By Molly Barber
Photos by Molly Barber, Allen Ralph, and Joshua D. Huver of Must Have Media
Dispatch. I can remember the first time I was introduced to Dispatch. It was a burned CD given to me by my cousin Neil. It was a mix of their songs, some live, some from their albums and it was amazing. It was so unlike anything I’d ever heard before. And that’s it, I was hooked. I learned every song they’d sung. I committed every lyric to memory. They didn’t just write catchy, up-lifting music, the lyrics spoke volumes to me, words that resonated in my soul. It was a culture that I didn’t know I was missing and once found had become a part of me.
Chadwick Stokes Urmston, Pete Heimbold and Brad Corrigan formed Dispatch in college. They played gigs while in school and after graduation decided to move the band to Boston. They continued touring, cultivating their live show that left many in awe. Little did they know that something huge was on the horizon. Something that would propel their music to thousands from coast to coast.
In June of 1999, Shawn Fanning, John Fanning, and Sean Parker launched Napster. Napster was a peer-to-peer file sharing website and it allowed Dispatch fans to share their music across the country. They quickly became a hugely successful band and did so without a major record label.
By 2002 the guys decided it was in everyones best interest to take a hiatus. In 2004 they scheduled a free farewell concert at Hatch Shell in Boston. They said it would be considered a success if they got 20,000 to 30,000 people to attend but fans flocked from around the world and over 150,000 people were in attendance.
During their time apart music was never far away, each embarking on solo projects and/or other bands. In 2007 they announced “Dispatch: Zimbabwe” a benefit concert that would be held at Madison Square Garden. The first show sold out of tickets almost immediately, so the fellas decided to throw in another show the following night, which again sold out. So they added a third show and played to a sold out venue each night. The money they raised from ticket sales went mostly to help charities in Zimbabwe dedicated to fighting disease, famine, and injustice. The rest of the cash was going to US charities the band supported like The Elias Fund.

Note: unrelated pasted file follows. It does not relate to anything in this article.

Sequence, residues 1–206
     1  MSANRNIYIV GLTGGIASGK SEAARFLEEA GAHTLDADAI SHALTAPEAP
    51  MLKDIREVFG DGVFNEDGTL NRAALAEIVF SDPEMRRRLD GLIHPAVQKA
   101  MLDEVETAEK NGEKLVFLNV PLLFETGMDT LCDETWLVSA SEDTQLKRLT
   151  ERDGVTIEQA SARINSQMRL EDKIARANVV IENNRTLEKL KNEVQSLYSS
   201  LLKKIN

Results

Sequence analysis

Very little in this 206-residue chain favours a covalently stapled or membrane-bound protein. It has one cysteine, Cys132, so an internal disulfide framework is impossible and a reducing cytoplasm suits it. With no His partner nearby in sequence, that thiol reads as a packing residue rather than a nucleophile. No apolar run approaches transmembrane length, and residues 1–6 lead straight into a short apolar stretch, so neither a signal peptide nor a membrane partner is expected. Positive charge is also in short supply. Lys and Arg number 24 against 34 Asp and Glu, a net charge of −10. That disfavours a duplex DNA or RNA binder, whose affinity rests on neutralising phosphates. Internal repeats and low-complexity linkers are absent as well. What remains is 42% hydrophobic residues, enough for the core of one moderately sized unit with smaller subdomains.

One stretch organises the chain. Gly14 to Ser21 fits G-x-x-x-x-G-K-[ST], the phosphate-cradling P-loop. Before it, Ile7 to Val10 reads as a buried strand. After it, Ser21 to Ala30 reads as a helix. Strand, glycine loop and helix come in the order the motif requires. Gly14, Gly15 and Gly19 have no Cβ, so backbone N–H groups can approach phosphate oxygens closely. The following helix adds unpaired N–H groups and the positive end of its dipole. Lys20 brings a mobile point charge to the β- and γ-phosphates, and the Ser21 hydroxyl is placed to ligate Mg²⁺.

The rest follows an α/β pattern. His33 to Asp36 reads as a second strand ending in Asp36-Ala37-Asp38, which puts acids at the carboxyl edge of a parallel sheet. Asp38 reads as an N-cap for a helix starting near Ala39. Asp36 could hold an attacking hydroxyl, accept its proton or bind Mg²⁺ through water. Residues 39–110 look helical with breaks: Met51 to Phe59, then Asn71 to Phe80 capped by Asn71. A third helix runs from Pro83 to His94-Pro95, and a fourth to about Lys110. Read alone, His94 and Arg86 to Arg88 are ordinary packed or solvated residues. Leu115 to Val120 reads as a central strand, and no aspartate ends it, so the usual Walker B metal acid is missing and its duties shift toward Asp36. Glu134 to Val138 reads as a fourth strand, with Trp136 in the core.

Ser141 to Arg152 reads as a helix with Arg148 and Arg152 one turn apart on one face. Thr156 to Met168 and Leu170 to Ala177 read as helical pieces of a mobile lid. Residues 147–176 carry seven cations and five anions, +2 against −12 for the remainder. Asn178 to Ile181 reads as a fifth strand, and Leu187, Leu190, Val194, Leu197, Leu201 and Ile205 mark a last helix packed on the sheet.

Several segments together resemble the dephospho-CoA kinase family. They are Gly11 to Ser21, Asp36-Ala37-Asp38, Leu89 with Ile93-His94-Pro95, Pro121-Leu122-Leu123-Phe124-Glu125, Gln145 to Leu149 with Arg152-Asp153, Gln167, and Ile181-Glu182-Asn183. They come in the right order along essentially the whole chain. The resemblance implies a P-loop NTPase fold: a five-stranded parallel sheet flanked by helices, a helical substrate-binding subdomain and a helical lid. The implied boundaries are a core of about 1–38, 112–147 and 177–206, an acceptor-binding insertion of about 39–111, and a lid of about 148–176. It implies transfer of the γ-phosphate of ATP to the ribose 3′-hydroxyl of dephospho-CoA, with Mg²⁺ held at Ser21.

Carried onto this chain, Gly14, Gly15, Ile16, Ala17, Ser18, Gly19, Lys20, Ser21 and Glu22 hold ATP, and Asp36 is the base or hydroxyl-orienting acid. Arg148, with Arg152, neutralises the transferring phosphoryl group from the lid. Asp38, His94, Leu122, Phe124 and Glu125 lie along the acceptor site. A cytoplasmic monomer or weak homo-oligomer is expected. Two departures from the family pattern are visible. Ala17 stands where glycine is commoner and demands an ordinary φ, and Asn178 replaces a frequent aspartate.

Chad had spent time in Zimbabwe and while over there teaching he met a gardener named Elias Sithole. Elias shared with Chad his wish that one day his three sons would receive a university education. Chad, being the extremely talented, poetic song writer that he is turned the experience into a song that found it’s way onto Dispatch’s debut album Silent Steeples and into the heart of EVERY Dispatch fan. The song inspired the foundation which is still around today.
In the years following the band would get back together for a show here and there and in 2011 the band decided they’d been on hiatus long enough. They started touring together again and released Circles Around The Sun.
Earlier this year Dispatch announced they would once again hit the road with the release of their new album America, Location 21. The same day, they dropped a single- Only The Wild Ones. Since then it’s spent 11 weeks on billboards alternative chart and has cracked the top 20 for national airplay.
This new album is so impressive. It was recorded just north of San Francisco at the Panoramic House which looks down on Stinson Beach. The songs, solely written by Chad, are filled with the classic Dispatch harmonies, powerful lyrics, and catchy Americana beats. You can listen to this album through and through and each song can stand on its own. This album is one that any veteran Dispatch fan can feel at home with as well as new comers.
Having the opportunity to get to hangout with these guys was something I’ll never forget. Not only do they create the music that is on the soundtracks to my life but they are amazing men. They quickly calmed my nerves and joked with me, bringing about this feeling of old friends just talking music.
On this new album is there a favorite song you guys like to perform?
Chad- I guess I feel like, Curse+Crush carries the most weight with me when we play it.
You guys have written all the songs, on all your albums, is there a lyric that stands out to you as one of your favorite lyrics that you’ve written? Maybe most important?
Brad- Can I please answer with two phrases? “Go now you are forgiven” from The General, it gives me the chills and tears each time we’re playing it and singing it with the audience. And then Chad’s written such a beautiful song in Painted Yellow Lines and there’s a line that I have to sing (actually singing it) “just to be present in a moment before it all goes away” that’s it, that’s getting me.
Those are great ones. I love Painted Yellow Lines by the way, that’s such an awesome song.
You guys are big social activists and I know you had some projects that were education based in the past, do you guys have anything on the back burner this time around?
Chad- We do because of Pete’s absence in this tour. He’s been struggling with depression the last few years and it kinda got the better of him this winter. And so he wrote a letter a few months ago saying he supports the band but right now he can’t play with us. So we are kinda dedicating the tour to mental wellness, mental health and having little (tent) villages in each venue where people can go to find out about local organizations that can help but also just to have like tents that support mental wellness and just talk about it, destigmatize it if we can because we all struggle a lot with different shit.